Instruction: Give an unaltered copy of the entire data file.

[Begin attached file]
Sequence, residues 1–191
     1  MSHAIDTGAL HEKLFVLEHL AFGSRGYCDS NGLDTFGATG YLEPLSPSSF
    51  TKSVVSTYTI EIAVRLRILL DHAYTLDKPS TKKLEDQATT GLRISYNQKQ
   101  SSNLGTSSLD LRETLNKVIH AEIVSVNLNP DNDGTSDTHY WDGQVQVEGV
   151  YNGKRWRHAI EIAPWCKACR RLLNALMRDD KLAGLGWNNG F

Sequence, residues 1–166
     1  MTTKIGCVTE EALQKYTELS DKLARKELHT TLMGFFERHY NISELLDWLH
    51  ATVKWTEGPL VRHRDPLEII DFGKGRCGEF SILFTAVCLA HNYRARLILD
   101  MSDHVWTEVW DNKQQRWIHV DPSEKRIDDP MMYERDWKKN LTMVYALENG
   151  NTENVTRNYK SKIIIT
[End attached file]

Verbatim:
Sequence, residues 1–191
     1  MSHAIDTGAL HEKLFVLEHL AFGSRGYCDS NGLDTFGATG YLEPLSPSSF
    51  TKSVVSTYTI EIAVRLRILL DHAYTLDKPS TKKLEDQATT GLRISYNQKQ
   101  SSNLGTSSLD LRETLNKVIH AEIVSVNLNP DNDGTSDTHY WDGQVQVEGV
   151  YNGKRWRHAI EIAPWCKACR RLLNALMRDD KLAGLGWNNG F

Sequence, residues 1–166
     1  MTTKIGCVTE EALQKYTELS DKLARKELHT TLMGFFERHY NISELLDWLH
    51  ATVKWTEGPL VRHRDPLEII DFGKGRCGEF SILFTAVCLA HNYRARLILD
   101  MSDHVWTEVW DNKQQRWIHV DPSEKRIDDP MMYERDWKKN LTMVYALENG
   151  NTENVTRNYK SKIIIT